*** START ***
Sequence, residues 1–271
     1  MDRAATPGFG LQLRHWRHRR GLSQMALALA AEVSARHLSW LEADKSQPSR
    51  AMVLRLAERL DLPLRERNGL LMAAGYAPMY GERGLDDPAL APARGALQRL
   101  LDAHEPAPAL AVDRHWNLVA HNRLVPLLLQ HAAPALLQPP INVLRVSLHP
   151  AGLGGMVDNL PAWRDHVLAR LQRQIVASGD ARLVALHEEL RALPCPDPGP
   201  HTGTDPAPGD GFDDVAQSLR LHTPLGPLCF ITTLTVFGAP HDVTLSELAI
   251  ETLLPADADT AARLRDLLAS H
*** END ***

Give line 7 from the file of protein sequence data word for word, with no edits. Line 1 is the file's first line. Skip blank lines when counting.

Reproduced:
   251  ETLLPADADT AARLRDLLAS H